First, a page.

I read this book as part of the 2017 European Reading Challenge.


The Immortal Irishman: The Irish Revolutionary Who Became An American Hero*

by Timothy Egan

(*Amazon Affiliate link)

Ireland Years

Thomas Francis Meagher (pronounced “Mar”) was born in 1823 into a wealthy merchant family in Waterford, Ireland. His father was a member of the British parliament and Thomas was well-educated, a graduate of Stonyhurst College, a Jesuit institution in Lancashire, England. Thomas could have lived the life of a wealthy heir; instead he became involved in the fight for a free Ireland. He witnessed the Great Hunger of the 1840s, when millions died from starvation and millions more emigrated. Known as “Meagher of the Sword,” Thomas put his enormous oratorical skills to work on behalf of the Young Irelanders, working for the repeal of the Act of Union between Great Britain and Ireland. It was this work that led Meagher to be a member of the core group behind the Young Irelander Rebellion of 1848, during which he was arrested, tried, and convicted for sedition. His original sentence of “hanging, drawing, and quartering” was commuted to transportation for life to Tasmania, a penal colony of Great Britain at the time.

Escape From Tasmania

Meagher’s stay on Tasmania was short, about a year and a half, and then he was able to arrange an escape to America in 1852. Within a few short years upon his arrival in New York City, Thomas studied law and journalist and made his living as a lecturer, traveling around the United States, drawing large paying crowds eager to hear him speak on Ireland, the Great Hunger, and his experiences. Meagher took a stand against the anti-immigrant Know-Nothing Party during the 1850s, which created some financial hardships for him. Thomas also married the daughter of a wealthy, old-blood New York family, Elizabeth Townsend, whose family disowned her due to their marriage.

The Civil War

When the Civil War began, Meagher helped enlist Irish immigrants to fight on the Union side, eventually forming Company K of the 69th Regiment, which became known as the “Fighting 69th” of the New York State Militia. Brigadier General Meagher commanded this brigade, which fought in some of the fiercest battles of the Civil War – Bull Run, Antietam, Fredericksburg – with distinction and suffered great losses.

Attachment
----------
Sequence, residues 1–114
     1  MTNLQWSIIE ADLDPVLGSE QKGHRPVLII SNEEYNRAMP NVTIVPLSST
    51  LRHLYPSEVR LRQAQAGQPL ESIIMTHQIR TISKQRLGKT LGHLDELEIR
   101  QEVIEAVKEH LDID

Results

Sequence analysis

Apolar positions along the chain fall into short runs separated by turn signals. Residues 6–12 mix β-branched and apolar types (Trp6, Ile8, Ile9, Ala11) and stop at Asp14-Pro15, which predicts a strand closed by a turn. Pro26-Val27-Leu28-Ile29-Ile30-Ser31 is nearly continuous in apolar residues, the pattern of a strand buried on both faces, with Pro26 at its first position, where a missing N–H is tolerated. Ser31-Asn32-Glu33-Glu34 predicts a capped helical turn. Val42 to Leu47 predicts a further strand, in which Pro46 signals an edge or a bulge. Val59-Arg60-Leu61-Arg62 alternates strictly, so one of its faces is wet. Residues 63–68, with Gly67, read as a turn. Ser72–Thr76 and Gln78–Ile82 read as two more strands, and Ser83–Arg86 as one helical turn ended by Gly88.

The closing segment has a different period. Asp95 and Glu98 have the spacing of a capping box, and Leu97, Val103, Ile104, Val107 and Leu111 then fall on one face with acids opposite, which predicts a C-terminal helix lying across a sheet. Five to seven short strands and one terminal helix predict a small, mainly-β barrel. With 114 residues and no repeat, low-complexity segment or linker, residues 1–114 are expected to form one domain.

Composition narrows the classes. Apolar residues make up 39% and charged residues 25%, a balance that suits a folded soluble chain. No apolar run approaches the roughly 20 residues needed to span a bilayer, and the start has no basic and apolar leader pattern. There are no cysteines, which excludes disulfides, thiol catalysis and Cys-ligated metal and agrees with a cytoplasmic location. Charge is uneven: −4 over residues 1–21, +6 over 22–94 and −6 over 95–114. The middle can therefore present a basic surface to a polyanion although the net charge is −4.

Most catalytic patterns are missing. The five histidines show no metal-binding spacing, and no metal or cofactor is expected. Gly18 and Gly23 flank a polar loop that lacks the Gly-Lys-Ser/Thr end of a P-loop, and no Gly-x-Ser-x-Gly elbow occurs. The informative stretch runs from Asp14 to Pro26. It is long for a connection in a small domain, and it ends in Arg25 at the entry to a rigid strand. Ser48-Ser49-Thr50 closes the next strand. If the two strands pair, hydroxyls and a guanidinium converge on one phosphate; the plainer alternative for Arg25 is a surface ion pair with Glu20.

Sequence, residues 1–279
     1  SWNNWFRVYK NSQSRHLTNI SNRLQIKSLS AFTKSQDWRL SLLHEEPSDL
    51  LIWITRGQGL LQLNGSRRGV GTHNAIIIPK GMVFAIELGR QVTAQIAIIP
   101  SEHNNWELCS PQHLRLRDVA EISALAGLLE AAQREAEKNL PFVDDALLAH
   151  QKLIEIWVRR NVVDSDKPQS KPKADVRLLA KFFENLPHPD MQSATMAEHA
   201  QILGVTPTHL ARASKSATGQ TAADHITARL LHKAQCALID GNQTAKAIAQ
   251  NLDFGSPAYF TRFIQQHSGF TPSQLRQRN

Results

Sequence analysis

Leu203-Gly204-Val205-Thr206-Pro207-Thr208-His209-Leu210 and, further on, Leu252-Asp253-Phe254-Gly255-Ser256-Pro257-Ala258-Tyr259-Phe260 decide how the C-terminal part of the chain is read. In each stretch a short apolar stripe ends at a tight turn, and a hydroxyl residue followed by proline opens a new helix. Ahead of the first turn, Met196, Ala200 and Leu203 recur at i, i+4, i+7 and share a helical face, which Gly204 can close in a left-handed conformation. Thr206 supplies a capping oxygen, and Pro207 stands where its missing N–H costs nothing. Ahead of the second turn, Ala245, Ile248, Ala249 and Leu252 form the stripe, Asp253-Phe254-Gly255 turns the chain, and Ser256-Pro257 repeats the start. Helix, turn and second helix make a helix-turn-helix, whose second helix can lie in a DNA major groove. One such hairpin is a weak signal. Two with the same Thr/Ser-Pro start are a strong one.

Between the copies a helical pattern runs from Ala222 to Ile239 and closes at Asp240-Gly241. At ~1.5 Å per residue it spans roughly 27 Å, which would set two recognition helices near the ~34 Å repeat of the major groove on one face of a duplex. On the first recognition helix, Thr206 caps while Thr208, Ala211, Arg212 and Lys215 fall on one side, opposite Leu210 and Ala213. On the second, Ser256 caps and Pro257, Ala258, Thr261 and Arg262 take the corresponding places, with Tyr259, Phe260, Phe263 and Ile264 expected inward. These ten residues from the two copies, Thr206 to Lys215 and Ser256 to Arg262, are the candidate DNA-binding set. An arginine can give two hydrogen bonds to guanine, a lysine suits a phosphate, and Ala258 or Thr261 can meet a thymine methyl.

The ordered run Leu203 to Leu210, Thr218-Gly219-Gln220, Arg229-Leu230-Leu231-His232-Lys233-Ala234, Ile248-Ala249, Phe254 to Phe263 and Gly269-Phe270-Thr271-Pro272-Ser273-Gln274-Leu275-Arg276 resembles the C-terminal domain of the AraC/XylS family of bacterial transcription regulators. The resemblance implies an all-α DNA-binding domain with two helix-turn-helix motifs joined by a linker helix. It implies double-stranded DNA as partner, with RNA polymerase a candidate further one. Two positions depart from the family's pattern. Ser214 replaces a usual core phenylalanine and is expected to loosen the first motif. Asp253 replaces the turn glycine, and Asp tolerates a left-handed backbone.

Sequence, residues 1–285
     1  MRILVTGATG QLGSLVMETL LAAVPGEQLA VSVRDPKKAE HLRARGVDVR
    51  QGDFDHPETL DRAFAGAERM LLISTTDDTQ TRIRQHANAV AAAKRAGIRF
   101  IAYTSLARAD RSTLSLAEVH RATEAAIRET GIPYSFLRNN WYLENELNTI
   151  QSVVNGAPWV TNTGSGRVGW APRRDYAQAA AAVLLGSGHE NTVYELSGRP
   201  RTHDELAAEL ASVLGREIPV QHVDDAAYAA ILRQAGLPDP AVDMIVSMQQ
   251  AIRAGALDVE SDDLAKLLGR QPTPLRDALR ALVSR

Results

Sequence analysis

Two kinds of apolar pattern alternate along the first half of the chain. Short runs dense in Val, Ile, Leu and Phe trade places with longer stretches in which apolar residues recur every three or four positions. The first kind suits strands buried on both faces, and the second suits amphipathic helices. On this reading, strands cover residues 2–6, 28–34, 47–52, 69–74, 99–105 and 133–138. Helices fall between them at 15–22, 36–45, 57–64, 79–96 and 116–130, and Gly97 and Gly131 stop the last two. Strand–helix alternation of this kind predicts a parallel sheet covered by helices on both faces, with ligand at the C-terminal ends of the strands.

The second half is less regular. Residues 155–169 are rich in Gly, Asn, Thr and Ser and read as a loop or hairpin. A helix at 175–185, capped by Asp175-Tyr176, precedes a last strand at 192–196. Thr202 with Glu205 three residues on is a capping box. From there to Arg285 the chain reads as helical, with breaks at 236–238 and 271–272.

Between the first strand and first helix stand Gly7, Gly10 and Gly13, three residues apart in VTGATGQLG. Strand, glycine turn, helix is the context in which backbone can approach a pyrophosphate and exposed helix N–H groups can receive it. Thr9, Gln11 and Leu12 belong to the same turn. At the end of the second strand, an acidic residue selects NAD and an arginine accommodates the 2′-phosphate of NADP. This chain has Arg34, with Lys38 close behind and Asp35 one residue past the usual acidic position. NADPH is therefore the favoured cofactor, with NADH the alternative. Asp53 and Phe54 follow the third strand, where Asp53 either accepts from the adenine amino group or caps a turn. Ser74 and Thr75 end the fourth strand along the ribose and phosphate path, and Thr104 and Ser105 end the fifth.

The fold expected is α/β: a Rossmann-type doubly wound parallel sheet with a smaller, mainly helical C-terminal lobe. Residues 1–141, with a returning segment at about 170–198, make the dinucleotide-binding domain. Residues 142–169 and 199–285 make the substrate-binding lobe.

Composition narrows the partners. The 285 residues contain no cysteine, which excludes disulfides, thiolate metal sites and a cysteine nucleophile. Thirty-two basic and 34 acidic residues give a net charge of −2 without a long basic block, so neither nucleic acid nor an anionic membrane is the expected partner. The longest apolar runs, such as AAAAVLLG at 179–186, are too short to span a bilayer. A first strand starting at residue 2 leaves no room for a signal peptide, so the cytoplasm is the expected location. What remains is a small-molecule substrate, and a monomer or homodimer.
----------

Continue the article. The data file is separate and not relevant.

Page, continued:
After the ending of the Civil War, Meagher was appointed territorial governor of Montana, where he became embroiled in a dispute with a group of vigilantes. He died in 1867 under mysterious circumstances, falling overboard from a steamboat in the Missouri river. There was much speculation at the time whether he was murdered or simply fell over as a result of drunkenness, but nothing was ever proven one way or another and his body was never found. Thomas Meagher is honored by statues in numerous locations – the Montana State Capitol in Helena; Waterford, Ireland; the Antietam battlefield – and also has received numerous honors in the years since his death.


I consider myself a bit of an Irish history buff, so I was a bit dismayed to realize the scope of Meagher’s accomplishments and realize that I had never previously heard of him. Obviously I need to do more reading! I’m very glad I saw this book on the “new arrivals” bookshelf at my local public library and picked it up simply because it dealt with an Irish personage. This was a really interesting read; Meagher lived a varied and exciting life, witnessing great events across several continents, and yet felt that he never really found a place he could call home. His home was Ireland, where he could never return due to his conviction of treason, and while the United States eventually became his home, he always yearned for one last glimpse of the old country.